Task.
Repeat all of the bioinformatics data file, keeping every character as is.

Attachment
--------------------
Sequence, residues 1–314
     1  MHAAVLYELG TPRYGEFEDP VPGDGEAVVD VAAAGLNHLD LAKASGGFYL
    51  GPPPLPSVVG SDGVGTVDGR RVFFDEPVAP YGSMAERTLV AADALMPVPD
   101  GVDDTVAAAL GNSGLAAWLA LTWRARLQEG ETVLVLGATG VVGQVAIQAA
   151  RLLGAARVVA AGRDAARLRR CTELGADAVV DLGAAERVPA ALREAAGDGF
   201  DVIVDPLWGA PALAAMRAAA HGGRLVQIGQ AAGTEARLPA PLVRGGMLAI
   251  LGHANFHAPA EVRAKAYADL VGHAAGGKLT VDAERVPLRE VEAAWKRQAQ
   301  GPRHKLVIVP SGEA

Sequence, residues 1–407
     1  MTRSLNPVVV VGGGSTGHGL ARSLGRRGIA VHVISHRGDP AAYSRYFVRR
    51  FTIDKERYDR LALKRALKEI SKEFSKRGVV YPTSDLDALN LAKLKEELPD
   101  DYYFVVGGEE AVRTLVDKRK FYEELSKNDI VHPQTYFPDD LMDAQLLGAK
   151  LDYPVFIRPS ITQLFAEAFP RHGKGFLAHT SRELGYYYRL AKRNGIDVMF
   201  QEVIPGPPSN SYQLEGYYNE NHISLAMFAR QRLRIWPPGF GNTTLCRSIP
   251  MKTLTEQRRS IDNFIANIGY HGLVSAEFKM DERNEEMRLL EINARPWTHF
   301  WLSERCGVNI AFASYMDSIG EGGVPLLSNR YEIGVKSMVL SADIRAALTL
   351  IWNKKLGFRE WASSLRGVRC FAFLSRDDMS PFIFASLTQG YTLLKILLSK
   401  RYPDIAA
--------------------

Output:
Sequence, residues 1–314
     1  MHAAVLYELG TPRYGEFEDP VPGDGEAVVD VAAAGLNHLD LAKASGGFYL
    51  GPPPLPSVVG SDGVGTVDGR RVFFDEPVAP YGSMAERTLV AADALMPVPD
   101  GVDDTVAAAL GNSGLAAWLA LTWRARLQEG ETVLVLGATG VVGQVAIQAA
   151  RLLGAARVVA AGRDAARLRR CTELGADAVV DLGAAERVPA ALREAAGDGF
   201  DVIVDPLWGA PALAAMRAAA HGGRLVQIGQ AAGTEARLPA PLVRGGMLAI
   251  LGHANFHAPA EVRAKAYADL VGHAAGGKLT VDAERVPLRE VEAAWKRQAQ
   301  GPRHKLVIVP SGEA

Sequence, residues 1–407
     1  MTRSLNPVVV VGGGSTGHGL ARSLGRRGIA VHVISHRGDP AAYSRYFVRR
    51  FTIDKERYDR LALKRALKEI SKEFSKRGVV YPTSDLDALN LAKLKEELPD
   101  DYYFVVGGEE AVRTLVDKRK FYEELSKNDI VHPQTYFPDD LMDAQLLGAK
   151  LDYPVFIRPS ITQLFAEAFP RHGKGFLAHT SRELGYYYRL AKRNGIDVMF
   201  QEVIPGPPSN SYQLEGYYNE NHISLAMFAR QRLRIWPPGF GNTTLCRSIP
   251  MKTLTEQRRS IDNFIANIGY HGLVSAEFKM DERNEEMRLL EINARPWTHF
   301  WLSERCGVNI AFASYMDSIG EGGVPLLSNR YEIGVKSMVL SADIRAALTL
   351  IWNKKLGFRE WASSLRGVRC FAFLSRDDMS PFIFASLTQG YTLLKILLSK
   401  RYPDIAA